What are the first three letters in consolidation? It’s con – and that’s how you should think of it. The most important factor is that you need to change your thinking from percentage rate to dollars of interest! You get sold (or sell yourself on the idea) that you’ll have a lower payment, pay less interest, and get out of debt faster. Right – wrong – wrong…
If I borrow five dollars from you and you charge me 80% interest for two days, I’m going to owe you the $5 and two cents interest on Friday. Big deal – who cares, right? OK, but if I borrow $5,000 at 80% interest and owe it to you for a year, and not just two days, that interest is $4,000. Now it’s a big deal: $4,000 interest on a $5,000 loan!
What matters is always how much you owe and the length of time you owe the debt. The rate is only the third most important factor. What do banks push in their ads? It’s the rate, and never the term or amount. That’s like the magician who has you looking over there while they trick you over here.
On the surface a consolidation is really easy to sell to you and seems like a win-win: One payment, combining all the debts and at a better interest rate. But since it’s not the rate that matters, you will almost always pay:
-more in total interest
-over a much longer term
-and be in debt a whole lot longer
-and in debt for a whole lot more money, too.
If you owe $3,000 on a credit card at 20%: If you want out of that rate trap and consolidate, it stretches it to five or ten years. That option will cost you a lot more in interest – not in interest rate but in interest dollars! Or just pay $250 a month and get rid of it in a year, at a cost of $600 interest.
Your car loan may have three or four years left. Make the payments and you know the end comes sooner, rather than later. A consolidation won’t get you a much better rate, but will trap you into stretching the loan another five, seven, or ten years. It quickly doubles the interest you’ll pay, not to mention you aren’t going to own the same car for t10 or 15 years!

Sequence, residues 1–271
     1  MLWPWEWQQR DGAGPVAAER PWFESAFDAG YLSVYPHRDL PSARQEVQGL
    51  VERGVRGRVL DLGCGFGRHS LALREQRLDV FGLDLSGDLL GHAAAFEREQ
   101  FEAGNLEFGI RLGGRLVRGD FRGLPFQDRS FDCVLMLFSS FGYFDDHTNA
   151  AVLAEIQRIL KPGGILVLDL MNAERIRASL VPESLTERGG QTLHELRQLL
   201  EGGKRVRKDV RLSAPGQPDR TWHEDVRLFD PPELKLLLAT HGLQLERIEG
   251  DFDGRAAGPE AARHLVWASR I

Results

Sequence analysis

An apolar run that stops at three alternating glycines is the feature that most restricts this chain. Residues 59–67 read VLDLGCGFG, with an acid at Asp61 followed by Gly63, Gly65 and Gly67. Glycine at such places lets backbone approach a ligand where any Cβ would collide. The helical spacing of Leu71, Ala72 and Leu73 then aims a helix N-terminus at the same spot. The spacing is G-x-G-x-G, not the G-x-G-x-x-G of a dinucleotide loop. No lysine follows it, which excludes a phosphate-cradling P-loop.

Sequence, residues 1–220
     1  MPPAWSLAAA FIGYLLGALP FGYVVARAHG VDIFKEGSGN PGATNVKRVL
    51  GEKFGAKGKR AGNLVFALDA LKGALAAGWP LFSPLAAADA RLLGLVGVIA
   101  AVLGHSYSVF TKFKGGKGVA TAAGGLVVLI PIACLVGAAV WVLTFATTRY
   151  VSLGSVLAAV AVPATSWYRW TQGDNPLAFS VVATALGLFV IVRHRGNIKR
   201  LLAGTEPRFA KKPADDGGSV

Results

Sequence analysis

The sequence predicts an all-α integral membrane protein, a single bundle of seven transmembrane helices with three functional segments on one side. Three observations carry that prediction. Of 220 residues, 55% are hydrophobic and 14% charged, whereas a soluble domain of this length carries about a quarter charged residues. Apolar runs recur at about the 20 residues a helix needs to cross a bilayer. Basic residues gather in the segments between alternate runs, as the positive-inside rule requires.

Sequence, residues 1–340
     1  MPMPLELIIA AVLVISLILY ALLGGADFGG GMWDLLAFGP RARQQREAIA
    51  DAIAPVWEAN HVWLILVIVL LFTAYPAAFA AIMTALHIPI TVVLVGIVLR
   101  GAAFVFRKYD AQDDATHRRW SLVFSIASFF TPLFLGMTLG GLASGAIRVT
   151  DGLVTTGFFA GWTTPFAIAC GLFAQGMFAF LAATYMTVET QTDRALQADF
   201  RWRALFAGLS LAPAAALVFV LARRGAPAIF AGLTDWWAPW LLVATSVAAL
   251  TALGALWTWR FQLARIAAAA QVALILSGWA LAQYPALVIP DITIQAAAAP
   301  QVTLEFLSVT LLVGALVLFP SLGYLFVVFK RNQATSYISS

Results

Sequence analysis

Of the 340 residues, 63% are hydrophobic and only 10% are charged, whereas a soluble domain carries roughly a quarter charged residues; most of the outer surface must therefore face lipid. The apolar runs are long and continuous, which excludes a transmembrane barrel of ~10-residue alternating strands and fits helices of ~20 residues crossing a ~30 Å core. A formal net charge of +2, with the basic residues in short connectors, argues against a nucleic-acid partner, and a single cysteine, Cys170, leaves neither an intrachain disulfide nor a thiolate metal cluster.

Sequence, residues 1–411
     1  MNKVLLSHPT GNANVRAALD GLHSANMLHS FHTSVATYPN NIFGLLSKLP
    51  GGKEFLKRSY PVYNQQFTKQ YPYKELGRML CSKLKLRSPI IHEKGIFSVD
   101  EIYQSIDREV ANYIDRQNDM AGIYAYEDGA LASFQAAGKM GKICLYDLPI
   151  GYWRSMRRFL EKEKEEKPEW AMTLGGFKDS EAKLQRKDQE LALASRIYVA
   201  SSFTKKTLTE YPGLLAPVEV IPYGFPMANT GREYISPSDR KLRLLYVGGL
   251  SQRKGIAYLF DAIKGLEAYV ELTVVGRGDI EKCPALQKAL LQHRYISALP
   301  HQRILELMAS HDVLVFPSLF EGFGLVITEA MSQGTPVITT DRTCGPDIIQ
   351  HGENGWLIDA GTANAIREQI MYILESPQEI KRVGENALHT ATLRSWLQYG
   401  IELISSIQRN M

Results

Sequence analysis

But those aren’t even the biggest drawbacks and traps. The biggest one is that 90% of the time you will now be putting up your house for collateral. Everything up until the consolidation was either no security, such as credit cards, or was borrowing that only had something specific for collateral, such as a car. Now, in combining it all, you’re changing all that and putting up your home for security. Right now, the worst that could happen is that the credit cards will write off what you owe them and your car may be repossessed. After the consolidation – you’ll lose your home.
And the worst trap: Over 80% of people who consolidate run up their credit cards again within two years! No, you’re not the exception. Stop kidding yourself unless you cut up all the cards that got you to the edge of the cliff in the first place or you’ll be in debt for twice as much as you started with. After that, the next step is bankruptcy.
Any ‘con’ solidation should only be done as a very last resort…and even then, there are better alternatives. What seems like an ‘easy’ way out makes things worse – much worse. Don’t do it – list your debts smallest to largest and attack the smallest one with every dollar you can free up. Then move onto the next smallest. That do it yourself plan will save you thousands of dollars and a lot of years!